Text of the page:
Good government spans a broad spectrum: at one end, we have a right to expect ethical behavior from government employees and officials, and for government entities to handle taxpayer money responsibly.

At the other end, we expect government officials and employees to refrain from criminal activity, especially when it involves our money.

Philadelphia has made strides in the past decade in how it watchdogs agencies and officials to identify unethical behavior, as well as fraud, waste, and abuse. We’ve certainly evolved from the days of being “all ethic’d out” — the famous words of former City Councilmember Jannie Blackwell in response to then-Mayor Michael Nutter’s attempt to institute more ethics safeguards into the system.

But recent and not so recent events — two councilmembers currently under indictment, and jail sentences for a former sheriff and a district attorney — suggest that there’s still plenty of work to do. With recent resignations of Inspector General Amy Kurland and the city’s chief integrity officer Ellen Kaplan, there is also a moment to assess the larger landscape of the city’s oversight of ethics and responsible spending.

One important change is obvious: the Inspector General’s Office — first created in 1984 under Mayor Wilson Goode and whose mission is to root out corruption, fraud, and misconduct in city government — should be made permanent and independent. It now exists under an executive order, meaning its very existence depends on the pleasure of the mayor. In four years, it could disappear. More importantly, it now only has jurisdiction over the executive branch. Now is the moment to broaden that to include all of city government. That change is up to City Council to make — a move Council has resisted in the past. It’s hard to imagine a plausible excuse for Council to not take this seriously now.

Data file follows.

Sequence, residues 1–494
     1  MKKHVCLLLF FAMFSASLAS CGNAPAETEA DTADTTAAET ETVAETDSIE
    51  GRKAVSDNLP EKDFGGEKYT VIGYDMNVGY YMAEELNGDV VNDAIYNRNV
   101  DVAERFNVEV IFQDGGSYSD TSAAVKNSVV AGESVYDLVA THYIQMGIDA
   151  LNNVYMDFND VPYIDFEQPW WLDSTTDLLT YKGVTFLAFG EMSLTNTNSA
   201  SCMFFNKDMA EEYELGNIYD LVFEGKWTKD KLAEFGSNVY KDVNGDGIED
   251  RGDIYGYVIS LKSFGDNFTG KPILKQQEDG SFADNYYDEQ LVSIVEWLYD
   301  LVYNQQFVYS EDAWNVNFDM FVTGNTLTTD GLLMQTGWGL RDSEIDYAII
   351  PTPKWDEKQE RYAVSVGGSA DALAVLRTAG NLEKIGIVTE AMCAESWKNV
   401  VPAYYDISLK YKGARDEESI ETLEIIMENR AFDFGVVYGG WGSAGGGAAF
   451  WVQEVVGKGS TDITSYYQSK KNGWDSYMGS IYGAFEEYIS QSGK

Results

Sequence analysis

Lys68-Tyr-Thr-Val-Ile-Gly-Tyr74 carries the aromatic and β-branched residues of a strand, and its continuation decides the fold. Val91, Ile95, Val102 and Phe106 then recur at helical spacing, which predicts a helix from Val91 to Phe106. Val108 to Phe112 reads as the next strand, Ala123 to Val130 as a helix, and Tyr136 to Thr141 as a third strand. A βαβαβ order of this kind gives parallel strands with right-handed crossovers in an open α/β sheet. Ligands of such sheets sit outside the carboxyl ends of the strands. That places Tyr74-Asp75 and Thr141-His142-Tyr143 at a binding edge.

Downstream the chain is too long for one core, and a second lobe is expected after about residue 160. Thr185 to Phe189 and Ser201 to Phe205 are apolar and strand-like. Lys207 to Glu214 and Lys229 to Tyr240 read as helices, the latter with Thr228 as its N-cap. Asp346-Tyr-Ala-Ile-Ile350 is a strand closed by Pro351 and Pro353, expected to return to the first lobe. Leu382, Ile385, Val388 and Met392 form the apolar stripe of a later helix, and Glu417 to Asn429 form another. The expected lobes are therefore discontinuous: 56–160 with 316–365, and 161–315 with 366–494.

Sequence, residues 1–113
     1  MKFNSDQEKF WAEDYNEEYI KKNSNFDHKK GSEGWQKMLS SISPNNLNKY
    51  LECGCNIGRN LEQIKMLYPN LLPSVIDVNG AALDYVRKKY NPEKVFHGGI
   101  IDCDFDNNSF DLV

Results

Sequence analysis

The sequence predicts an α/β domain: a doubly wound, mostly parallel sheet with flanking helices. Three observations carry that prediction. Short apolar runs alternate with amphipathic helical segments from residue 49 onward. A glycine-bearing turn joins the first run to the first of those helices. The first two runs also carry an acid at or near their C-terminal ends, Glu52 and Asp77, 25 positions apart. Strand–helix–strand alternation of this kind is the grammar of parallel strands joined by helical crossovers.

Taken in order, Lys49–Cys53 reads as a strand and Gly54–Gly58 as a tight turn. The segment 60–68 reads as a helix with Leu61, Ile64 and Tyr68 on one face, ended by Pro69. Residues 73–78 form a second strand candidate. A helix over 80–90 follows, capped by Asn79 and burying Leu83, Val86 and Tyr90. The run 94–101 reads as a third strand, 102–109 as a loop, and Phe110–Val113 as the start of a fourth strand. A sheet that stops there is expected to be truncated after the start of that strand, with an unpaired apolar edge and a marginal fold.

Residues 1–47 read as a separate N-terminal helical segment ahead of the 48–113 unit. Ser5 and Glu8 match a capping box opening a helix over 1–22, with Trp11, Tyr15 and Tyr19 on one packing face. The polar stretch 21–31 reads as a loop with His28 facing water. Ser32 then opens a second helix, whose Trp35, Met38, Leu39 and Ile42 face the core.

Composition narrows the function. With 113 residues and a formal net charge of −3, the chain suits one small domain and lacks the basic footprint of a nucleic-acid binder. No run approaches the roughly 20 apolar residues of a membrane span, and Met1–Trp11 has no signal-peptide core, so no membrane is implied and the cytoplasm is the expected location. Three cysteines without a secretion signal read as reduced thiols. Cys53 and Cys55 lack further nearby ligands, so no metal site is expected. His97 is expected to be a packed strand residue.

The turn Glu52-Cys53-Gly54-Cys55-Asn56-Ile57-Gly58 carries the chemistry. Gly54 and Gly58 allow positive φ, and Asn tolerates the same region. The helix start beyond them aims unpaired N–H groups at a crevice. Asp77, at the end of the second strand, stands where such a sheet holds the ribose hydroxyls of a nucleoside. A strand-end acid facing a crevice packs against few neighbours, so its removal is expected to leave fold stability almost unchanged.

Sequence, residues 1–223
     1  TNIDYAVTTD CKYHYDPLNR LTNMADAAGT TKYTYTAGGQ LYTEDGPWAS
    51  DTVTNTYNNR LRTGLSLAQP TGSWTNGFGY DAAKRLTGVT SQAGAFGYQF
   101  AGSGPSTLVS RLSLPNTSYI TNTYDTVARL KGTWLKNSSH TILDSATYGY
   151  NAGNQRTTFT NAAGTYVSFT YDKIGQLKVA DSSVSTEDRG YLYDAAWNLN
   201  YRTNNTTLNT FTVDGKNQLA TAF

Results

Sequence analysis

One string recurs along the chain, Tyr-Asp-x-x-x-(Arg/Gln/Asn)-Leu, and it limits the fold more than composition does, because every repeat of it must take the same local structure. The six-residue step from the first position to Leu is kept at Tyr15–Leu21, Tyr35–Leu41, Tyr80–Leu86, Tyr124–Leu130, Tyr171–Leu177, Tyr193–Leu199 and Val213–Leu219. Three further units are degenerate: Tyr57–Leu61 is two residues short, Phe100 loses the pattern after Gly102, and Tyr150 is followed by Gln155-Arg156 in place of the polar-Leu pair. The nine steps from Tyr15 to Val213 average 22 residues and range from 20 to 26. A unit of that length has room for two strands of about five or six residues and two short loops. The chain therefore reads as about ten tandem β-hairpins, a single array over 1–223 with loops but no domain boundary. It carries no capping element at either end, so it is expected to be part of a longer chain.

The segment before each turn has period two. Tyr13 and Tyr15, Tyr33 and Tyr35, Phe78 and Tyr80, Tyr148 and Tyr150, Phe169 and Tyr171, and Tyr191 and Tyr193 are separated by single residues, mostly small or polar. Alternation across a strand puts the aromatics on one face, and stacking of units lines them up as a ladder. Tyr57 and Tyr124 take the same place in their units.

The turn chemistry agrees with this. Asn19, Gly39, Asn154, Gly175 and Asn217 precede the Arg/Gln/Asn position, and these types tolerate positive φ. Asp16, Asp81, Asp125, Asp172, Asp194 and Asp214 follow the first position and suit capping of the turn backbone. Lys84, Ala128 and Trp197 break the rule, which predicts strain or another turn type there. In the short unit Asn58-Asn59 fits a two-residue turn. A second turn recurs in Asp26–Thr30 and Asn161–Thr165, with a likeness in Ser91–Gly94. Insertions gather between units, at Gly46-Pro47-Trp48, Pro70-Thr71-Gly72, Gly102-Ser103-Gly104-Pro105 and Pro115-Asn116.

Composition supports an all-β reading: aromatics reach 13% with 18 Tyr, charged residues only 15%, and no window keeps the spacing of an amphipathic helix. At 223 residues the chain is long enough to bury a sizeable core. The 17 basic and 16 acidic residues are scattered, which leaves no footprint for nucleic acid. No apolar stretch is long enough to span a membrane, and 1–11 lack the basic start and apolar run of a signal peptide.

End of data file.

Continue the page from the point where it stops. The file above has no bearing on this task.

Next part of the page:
The City Controller’s Office has stepped in on more strongly policing fraud waste and abuse beyond the executive branch. While that allows us to sleep better at night, clarifying jurisdictions could help everyone, including city employees.

Meanwhile, thanks to a debacle at the state level, the conversation about good government should also include how investigations into fraud, waste, and abuse are conducted.

According to Spotlight PA reporting, the Office of State Inspector General purchased nearly $160,000 worth of guns, ammunition, and related equipment following a 2017 state law that expanded the office’s authority to include issuing subpoenas and search warrants. But that law does not allow investigators to carry firearms. As a result, the guns have been in storage for over a year.

The debacle raises a number of questions, among them: How did the office spend $160,000 without any legal vetting that would have prevented the purchase? Why didn’t the state return them, or direct them to a different law enforcement agency? And why don’t the many press releases featured on the OSIG website include one informing the public about its own costly error and plans for correcting it?

If an agency whose job it is to root out fraud doesn’t understand the need for transparency with the public, it’s time for a major rethink of its functions.